Maybe 'Crash's' upset at the Oscars shouldn't have been such a surprise?
The victory of "Crash" over "Brokeback Mountain" as best picture of 2004 is considered to be one of the biggest upsets in Oscars history. Earlier that derby season, "Brokeback Mountain" had won an unprecedented number of precursor awards as best pic: 26. On Oscars night, it claimed the two trophies that usually foretell the best picture victor — screenplay and direction — but when Jack Nicholson opened the last envelope of the night, his eyes bugged out and jaws fell all around Oscarland as it was revealed that "Crash" pulled off an historic triumph.
But now we must ask: Should we really be surprised by "Crash's" awards clout?
"Since its DVD debut in September 2005, 'Crash' has remained Netflix's No. 1 rented movie," reports the Chicago Tribune. "'The Dark Knight' couldn't dethrone it. Neither could 'Harry Potter,' 'Indiana Jones' or even 'Iron Man.' "
Many Oscarologists believe "Crash" won best picture because the vast majority of academy members are straight males who aren't really as liberal as their reputation. Even though "Brokeback Mountain" was clearly the movie of the year, according to buzz, critical acclaim and virtually all other awards, squeamish Oscar voters just couldn't bring themselves to embrace a movie about men aching with gay romantic yearning. Some academy members like Ernest Borgnine and Tony Curtis denounced the film as disgusting and publicly bragged that they refused to watch it.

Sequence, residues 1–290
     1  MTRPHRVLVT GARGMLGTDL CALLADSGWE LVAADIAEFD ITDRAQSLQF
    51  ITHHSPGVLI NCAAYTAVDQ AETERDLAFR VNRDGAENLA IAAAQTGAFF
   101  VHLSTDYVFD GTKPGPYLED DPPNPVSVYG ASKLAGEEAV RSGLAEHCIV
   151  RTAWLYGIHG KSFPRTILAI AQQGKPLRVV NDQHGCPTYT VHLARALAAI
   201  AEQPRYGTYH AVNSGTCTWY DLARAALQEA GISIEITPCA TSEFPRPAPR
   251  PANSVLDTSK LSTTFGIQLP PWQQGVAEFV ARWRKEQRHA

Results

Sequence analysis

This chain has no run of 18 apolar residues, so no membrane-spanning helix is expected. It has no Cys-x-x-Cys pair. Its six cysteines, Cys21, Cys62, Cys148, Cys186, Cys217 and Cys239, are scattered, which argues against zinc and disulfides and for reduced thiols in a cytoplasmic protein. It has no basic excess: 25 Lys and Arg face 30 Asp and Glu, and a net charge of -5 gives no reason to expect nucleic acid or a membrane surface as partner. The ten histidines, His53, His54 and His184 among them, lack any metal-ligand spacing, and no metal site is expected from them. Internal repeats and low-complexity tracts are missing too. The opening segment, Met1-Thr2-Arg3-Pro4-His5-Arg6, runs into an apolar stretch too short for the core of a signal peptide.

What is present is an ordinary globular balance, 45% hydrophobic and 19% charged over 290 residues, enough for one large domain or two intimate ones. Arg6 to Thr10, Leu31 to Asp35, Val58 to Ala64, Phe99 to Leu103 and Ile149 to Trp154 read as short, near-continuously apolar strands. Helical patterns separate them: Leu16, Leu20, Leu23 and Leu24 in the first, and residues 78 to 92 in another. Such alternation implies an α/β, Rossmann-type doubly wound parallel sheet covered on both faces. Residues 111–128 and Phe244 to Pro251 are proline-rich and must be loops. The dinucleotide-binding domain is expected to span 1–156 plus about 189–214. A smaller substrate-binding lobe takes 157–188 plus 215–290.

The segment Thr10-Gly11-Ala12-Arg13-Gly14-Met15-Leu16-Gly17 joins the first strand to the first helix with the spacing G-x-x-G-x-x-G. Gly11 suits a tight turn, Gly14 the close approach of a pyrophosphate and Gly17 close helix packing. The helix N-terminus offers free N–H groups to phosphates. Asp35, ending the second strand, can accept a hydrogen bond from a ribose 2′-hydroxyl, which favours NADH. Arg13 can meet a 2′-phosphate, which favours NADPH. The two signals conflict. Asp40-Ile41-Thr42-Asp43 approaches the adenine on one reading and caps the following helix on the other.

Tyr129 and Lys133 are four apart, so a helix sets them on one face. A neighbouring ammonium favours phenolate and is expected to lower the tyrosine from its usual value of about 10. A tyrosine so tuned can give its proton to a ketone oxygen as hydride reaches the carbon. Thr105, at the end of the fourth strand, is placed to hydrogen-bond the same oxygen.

L.A. Times film critic Kenneth Turan once wrote that "Crash" won because it appealed to "people who were discomfited by 'Brokeback Mountain' but wanted to be able to look themselves in the mirror and feel like they were good, productive liberals. 'Crash' provided the perfect safe harbor" because it was also about prejudice, but against African-Americans.
"Crash" director and writer Paul Haggis pooh-poohed that view to the Trib, saying, "It's just ridiculous. People all have their opinions. People always have a favorite film, and whether it wins or loses, there's always a reason. You can like or dislike my film without comparing it to any other."